Colorful scarves painted in blooming flowers sailed through the scorching air of Capiz Province as contingents of the annual Sinadya sa Halaran showed their flair to the throngs of Capiznons eagerly watching the festivities. Gals dressed in traditional Filipiniana and guys garbed in barongs marched and danced at the avenues of Roxas City, totally unmindful of the sweltering heat of the midmorning sun.
I was taking photographs inside the Roxas City Cathedral when drum beats boomed and horns suddenly blared from bands accompanying the Sinadya sa Halaran Festival. I immediately went out, swam through the gathering crowd and looked for a good vantage for the festival.
I was supposed to eat breakfast first and join my companions, but all plans were thrown out the window as the contingents of the Capiz Festival started to mobilize.
I scrambled for a place to shoot as kids dressed as fiery ants scuttled their way through, dancing and swinging to the festive music.
Sinadya sa Halaran is a merging of two Capiznon festivals. It used to be that Roxas City, the capital of Capiz, has its own festival besides that of its mother province.
But since it was too expensive to hold two major festivals in a single year, they decided to merge the two festivals; Roxas City’s Sinadaya (Celebration) and Capiz’s Halaran (Offering) into one huge festivity.
The Sinadya sa Halaran was born.
The Capiznon festival is usually held from the 3rd to the 8th of December. It celebrates among other things the Prosesyon sa Suba (Fluvial Procession) where the image of the Immaculate Conception is sailed through the evening waters of Panay River before being led to the city cathedral.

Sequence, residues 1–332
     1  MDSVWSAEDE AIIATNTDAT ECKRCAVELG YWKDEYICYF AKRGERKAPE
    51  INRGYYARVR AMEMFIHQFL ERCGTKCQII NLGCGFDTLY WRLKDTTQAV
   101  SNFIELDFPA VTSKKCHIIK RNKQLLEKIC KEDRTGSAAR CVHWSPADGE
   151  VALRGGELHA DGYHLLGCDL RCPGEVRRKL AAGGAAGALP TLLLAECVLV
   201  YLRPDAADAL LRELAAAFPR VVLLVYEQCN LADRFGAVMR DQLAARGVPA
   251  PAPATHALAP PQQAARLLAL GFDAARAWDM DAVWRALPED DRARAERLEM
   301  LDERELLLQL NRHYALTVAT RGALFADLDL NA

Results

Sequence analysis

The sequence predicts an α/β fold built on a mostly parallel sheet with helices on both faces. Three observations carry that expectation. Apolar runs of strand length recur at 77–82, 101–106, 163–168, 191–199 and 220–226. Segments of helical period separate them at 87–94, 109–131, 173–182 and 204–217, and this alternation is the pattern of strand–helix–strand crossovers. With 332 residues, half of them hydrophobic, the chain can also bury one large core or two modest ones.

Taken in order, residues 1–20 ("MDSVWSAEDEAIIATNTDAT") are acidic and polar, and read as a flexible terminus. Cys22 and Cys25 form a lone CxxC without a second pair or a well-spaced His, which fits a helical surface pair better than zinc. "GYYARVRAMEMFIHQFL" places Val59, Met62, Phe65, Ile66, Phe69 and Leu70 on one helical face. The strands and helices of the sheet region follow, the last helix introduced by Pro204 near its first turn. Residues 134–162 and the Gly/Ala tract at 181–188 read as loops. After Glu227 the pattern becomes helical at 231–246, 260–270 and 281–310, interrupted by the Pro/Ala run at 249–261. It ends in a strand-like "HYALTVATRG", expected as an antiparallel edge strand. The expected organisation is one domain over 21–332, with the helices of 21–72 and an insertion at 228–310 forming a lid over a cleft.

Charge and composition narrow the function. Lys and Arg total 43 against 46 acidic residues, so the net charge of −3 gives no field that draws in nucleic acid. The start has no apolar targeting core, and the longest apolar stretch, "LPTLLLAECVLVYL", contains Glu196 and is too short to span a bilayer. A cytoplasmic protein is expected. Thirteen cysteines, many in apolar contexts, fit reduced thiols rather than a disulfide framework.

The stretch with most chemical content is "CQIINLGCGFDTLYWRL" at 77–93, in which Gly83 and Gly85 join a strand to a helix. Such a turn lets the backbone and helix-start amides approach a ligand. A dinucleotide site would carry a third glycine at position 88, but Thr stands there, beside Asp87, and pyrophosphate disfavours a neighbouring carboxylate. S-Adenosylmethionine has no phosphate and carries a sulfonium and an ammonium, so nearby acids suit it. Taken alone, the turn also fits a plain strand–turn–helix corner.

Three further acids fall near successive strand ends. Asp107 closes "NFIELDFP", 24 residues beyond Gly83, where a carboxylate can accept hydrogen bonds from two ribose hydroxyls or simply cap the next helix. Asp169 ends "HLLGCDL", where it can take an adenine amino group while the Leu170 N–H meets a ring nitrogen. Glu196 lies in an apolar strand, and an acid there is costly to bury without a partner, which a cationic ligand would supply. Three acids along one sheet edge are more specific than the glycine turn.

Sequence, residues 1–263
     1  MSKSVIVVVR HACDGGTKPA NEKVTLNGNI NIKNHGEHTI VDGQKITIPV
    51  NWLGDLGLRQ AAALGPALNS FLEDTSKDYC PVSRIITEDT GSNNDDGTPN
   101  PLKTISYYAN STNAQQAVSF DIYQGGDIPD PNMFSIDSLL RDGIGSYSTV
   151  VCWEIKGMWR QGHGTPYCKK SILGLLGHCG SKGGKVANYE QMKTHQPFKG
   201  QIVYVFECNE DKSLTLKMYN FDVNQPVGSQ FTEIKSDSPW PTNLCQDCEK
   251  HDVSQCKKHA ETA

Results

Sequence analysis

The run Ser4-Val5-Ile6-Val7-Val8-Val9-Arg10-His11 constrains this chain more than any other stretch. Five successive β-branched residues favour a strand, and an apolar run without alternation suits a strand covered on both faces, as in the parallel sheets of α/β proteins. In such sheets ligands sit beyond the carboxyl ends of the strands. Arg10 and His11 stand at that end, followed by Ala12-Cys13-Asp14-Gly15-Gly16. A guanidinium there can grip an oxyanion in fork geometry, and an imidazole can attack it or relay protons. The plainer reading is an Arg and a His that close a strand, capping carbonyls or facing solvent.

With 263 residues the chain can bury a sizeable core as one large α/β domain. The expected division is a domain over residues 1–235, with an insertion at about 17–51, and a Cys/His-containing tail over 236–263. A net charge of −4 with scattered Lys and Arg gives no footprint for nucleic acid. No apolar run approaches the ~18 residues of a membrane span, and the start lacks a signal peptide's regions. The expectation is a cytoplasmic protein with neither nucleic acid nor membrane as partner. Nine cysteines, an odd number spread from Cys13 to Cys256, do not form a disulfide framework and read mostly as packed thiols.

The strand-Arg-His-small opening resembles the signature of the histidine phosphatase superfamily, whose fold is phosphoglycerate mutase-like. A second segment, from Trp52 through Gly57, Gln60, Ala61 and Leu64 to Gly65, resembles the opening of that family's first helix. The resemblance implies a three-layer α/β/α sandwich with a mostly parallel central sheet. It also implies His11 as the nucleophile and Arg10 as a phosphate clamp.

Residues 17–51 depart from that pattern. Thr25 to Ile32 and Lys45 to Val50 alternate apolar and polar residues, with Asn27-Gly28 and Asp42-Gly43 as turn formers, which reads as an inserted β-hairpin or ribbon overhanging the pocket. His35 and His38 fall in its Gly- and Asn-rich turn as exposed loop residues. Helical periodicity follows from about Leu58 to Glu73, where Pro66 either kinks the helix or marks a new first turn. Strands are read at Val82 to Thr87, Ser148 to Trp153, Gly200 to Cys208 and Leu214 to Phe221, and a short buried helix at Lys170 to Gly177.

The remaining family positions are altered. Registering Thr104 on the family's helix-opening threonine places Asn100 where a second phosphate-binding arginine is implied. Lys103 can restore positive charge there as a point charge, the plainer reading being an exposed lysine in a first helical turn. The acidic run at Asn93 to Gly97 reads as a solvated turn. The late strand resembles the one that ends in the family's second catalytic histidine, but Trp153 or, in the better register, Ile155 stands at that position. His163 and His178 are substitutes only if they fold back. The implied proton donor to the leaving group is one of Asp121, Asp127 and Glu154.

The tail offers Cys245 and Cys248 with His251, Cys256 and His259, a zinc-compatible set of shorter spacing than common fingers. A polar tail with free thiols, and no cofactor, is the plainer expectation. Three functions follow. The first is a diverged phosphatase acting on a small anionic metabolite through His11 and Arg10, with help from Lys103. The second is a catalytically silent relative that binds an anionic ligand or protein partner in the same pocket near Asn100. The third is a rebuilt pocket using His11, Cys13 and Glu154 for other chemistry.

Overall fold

Most municipalities of Capiz join the Sinadya sa Halaran, each sending colorful contingents to compete at the last day of the festival. Currently, the province consists of sixteen municipalities and one city.
No wonder the festival seemed unending!
I love how unique the Sinadya sa Halaran Festival is compared to a few other festivals I’ve attended. I can’t help but feel that sometimes, a festival is celebrated just so a town can have one to call its own.
It maybe to lure tourists into their place or put their town in the map; not a bad thing really, but what I don’t like is that sometimes these festivals doesn’t even have a local flavor. It’s just a cacophony of fancy costumes and glittering ornaments.
That’s what so refreshing about Capiz’s Sinadya sa Halaran. Here one can see the spirit and traditions of Filipinos through the costumes and dances performed by each contingent. Wearing traditional baro’t saya, some were planting rice, playing Filipino games like palasebo and doing traditional wedding dances.
And there is of course the seafood-themed groups, we are after all at the Seafood Capital of the Philippines.
There were some groups that tried to imitate other festivals; Bacolod’s Masskara, Iloilo’s Dinagyang, but they were few and far between. Most of the contingents I saw were performing rites that looked very local and native. Its simplicity is really quite charming.
I read that this year’s Sinadya sa Halaran has been toned down to give way to the Yolanda typhoon victims. The festival was still honored but the expenses for a grand one was diverted and instead donated to the people devastated by the calamity. Capiz itself is one the places hit by the typhoon.
But I worry not. I’m sure the strong unbreakable spirit of Capiznons can get through these trying times. With a bit of a helping hand, these people will shake the dust off, rise, and show their flair of colors at the next Sinadya sa Halaran once again.
Sinadya sa Halaran Festival
Location: Roxas City, Capiz
Schedule: Celebrated every first week of December
Provincial Tourism Office of Capiz and Roxas City:
(036) 6210-042 local 221 | (036) 6210-500
GPS Coordinates: +11° 34' 59.43", +122° 45' 11.03"
View Location on Google Maps